Dementia Research Centre


Apathy & How To Deal With It

Dr Liz Sampson, Dementia Research Group

Definition of apathy

The meaning of this word has ancient roots-apathy is a term coined by the Greek Stoic philosophers to refer to the condition of being free from emotions and passions, such as fear, pain, desire, and pleasure. Nowadays the term “apathy” (which is also known as a “negative” symptom) primarily refers to a loss of motivation, interest, and concern and is amongst the most commonly complained of symptoms in dementia.

Most research and treatment is focussed on “positive” symptoms of dementia such as aggression and violence. Studies of carers consistently show that apathy causes more burden and stress than any of these behaviours. There are a number of theories as to why this should be. Positive symptoms come and go and sometimes the triggers can be predicted, patients show reactions to their carer, even if sometimes these reactions are violent and distressing.

Patients with apathy tend to be withdrawn and unresponsive on a constant basis and may rarely even acknowledge the presence or intervention of their carer. Apathy paves the way for learned helplessness (the cycle where the sense of failure to take action in day to day activities leads to a feeling of not being in control and loss of ability which then leads to further lack of activity) and thus feelings of hopelessness in both patient and carer.

Causes of apathy

These are complex and are related to the underlying pathology and atrophy of the frontal lobes, their connections to the temporal lobes and the psychological consequences of this, both on the patient and the carer. The frontal lobes act as the “motivator” of the brain, causing us to plan, initiate and then carry through activities. Damage to the frontal lobes not only takes away the “spark” needed for us to decide what we are to do, but prevents us from being able to sequence the task appropriately and see it through to the end.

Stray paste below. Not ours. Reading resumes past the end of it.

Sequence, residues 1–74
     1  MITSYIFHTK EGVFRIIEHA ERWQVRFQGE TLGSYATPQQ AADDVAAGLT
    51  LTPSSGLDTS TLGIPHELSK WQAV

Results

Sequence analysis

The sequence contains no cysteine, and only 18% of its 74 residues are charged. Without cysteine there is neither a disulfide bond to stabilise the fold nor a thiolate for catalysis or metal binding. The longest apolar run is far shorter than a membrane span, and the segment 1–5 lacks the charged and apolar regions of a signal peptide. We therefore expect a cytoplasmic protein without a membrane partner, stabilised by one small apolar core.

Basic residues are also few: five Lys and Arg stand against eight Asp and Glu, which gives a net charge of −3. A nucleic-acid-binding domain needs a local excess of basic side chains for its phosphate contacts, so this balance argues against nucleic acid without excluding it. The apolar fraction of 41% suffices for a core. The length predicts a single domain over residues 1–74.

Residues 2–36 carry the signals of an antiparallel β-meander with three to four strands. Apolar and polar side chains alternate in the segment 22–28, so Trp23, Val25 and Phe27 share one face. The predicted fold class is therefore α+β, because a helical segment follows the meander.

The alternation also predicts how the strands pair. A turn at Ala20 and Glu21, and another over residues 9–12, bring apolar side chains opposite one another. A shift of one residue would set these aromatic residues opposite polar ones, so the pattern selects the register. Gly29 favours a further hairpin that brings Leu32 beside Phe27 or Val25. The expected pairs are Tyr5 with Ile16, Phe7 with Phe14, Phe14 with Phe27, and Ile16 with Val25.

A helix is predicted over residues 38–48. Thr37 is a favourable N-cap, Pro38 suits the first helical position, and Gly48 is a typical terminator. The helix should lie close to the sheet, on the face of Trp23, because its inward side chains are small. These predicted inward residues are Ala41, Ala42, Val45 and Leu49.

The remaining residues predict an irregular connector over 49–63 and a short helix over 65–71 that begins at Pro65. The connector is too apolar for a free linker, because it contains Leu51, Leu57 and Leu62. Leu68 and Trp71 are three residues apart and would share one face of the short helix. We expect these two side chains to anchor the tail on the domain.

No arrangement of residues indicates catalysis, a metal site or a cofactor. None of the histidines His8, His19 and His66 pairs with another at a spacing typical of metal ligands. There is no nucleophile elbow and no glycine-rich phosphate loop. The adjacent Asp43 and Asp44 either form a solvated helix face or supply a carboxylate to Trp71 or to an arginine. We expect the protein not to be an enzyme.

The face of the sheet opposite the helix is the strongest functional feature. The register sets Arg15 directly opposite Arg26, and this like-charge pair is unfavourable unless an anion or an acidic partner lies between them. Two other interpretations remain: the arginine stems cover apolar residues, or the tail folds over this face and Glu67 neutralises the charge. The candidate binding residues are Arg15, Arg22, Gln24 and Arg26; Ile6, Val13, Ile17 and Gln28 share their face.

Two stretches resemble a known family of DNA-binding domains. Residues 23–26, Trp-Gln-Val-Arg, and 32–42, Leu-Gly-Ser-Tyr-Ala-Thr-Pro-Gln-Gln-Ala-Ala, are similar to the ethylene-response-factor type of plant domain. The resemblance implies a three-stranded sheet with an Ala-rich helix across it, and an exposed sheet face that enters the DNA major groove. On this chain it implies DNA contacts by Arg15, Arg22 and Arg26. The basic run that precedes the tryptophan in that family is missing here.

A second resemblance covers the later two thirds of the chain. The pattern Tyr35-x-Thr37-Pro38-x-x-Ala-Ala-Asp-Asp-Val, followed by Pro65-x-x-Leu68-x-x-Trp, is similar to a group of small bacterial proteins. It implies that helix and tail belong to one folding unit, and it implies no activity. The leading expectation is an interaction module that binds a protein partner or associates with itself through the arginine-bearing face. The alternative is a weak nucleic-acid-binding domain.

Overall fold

Patients with Pick’s disease are often unaware of the fact that they have these problems. They lose confidence in their abilities and are unable to divert their thoughts and interests to areas where they may actually still be quite capable. The important feature of apathy is that it is easy to descend into a downwards spiral of lack of activity, loss of confidence and further loss of skills. This then further adds burden to the carer who has to take over more of the tasks.

There is no medication available to treat apathy and sedatives and neuroleptic medication which are sometimes used to control behavioural problems in Pick’s disease will actually make it worse.

What can we do about it?

1. Exclude the presence of depression Clinical depression is rare in Pick’s disease and is associated with the symptoms of tearfulness, poor appetite, sleep and self esteem. It is easy to confuse clinical depression with apathy but vital to distinguish between the two as this can be treated with antidepressant medication

2. Be creative! There are no studies about the best way to manage apathy; most ideas have come from carers themselves and sometimes, paradoxically from using some of the other behavioural symptoms of Pick’s disease.

  • Obsessions and rigid patterns of behaviour are a common problem in Pick’s disease. By establishing a routine such as a daily walk or trip out, this can be capitalised upon- the apathy will be overcome by the patients need to adhere to their daily schedule.